Suffrage In the early Church, one of the ways of designating persons to the ministry was by the ordinary course of suffrage and election of the Church. It was also customary for the clergy or presbytery (or the retiring bishop or presbyter) to nominate a person to fill the vacant office, which nomination was followed by the suffrages of the people-suffrages not merely testimonial, but judicial and elective. See Riddle, Christ Antiq. p. 82.
The term was also used to designate—
1. The public worship the united voice and consent of the people in the petitions offered. "See now, then, both learned and unlearned, how prayers and all other suffrages are in common to this spiritual Church" (Lantern of Light, A.D. 1400).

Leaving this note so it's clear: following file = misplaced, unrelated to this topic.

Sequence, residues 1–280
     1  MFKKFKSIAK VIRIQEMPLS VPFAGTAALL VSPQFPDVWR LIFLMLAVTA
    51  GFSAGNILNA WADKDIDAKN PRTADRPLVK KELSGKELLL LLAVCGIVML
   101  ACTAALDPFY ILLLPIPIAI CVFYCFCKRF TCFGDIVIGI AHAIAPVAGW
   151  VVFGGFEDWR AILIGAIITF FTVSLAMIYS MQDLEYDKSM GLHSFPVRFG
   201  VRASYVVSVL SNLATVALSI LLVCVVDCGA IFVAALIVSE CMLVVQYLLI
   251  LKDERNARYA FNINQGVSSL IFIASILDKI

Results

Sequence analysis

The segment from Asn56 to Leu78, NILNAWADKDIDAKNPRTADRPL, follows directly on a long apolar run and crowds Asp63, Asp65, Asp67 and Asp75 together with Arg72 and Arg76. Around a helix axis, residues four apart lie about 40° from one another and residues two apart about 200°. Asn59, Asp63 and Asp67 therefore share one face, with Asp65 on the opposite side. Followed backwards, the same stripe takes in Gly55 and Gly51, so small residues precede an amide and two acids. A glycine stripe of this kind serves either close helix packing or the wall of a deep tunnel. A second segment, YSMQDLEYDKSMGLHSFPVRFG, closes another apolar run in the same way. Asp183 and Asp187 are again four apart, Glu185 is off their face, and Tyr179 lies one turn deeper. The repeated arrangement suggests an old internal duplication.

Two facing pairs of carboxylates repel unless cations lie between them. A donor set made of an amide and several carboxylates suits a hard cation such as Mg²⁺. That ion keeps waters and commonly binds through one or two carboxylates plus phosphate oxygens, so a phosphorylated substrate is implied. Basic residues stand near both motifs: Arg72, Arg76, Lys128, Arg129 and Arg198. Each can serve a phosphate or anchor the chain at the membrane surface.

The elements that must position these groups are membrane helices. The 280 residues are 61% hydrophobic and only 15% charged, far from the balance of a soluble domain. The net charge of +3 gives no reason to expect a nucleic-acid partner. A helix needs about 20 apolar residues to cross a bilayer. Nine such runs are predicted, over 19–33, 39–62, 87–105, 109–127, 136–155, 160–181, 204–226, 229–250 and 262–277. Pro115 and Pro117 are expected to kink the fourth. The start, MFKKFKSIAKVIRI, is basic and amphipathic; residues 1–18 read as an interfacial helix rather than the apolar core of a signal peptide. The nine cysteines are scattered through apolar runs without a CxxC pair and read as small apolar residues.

2. A short form of petition, as in the Litany. Thus, in the Order for the Consecration of Bishops we read that in the Litany as then used, after the words that it may please thee to "illuminate all bishops," etc., "the proper suffrage shall be," etc.
3. The versicles after the Creed in Morning and Evening Prayer.